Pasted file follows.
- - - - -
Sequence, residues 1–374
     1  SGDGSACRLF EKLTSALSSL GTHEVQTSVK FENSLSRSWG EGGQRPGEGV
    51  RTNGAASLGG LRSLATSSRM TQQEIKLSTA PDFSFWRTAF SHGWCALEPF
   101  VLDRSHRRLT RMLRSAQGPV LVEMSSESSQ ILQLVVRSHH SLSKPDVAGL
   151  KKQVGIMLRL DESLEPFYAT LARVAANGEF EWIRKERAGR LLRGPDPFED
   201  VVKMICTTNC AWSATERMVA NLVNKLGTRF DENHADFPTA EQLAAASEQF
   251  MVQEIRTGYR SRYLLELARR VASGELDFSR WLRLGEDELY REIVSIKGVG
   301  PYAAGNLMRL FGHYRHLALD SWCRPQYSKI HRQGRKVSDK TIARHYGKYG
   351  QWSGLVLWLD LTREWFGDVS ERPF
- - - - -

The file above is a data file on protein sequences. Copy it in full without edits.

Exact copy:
Sequence, residues 1–374
     1  SGDGSACRLF EKLTSALSSL GTHEVQTSVK FENSLSRSWG EGGQRPGEGV
    51  RTNGAASLGG LRSLATSSRM TQQEIKLSTA PDFSFWRTAF SHGWCALEPF
   101  VLDRSHRRLT RMLRSAQGPV LVEMSSESSQ ILQLVVRSHH SLSKPDVAGL
   151  KKQVGIMLRL DESLEPFYAT LARVAANGEF EWIRKERAGR LLRGPDPFED
   201  VVKMICTTNC AWSATERMVA NLVNKLGTRF DENHADFPTA EQLAAASEQF
   251  MVQEIRTGYR SRYLLELARR VASGELDFSR WLRLGEDELY REIVSIKGVG
   301  PYAAGNLMRL FGHYRHLALD SWCRPQYSKI HRQGRKVSDK TIARHYGKYG
   351  QWSGLVLWLD LTREWFGDVS ERPF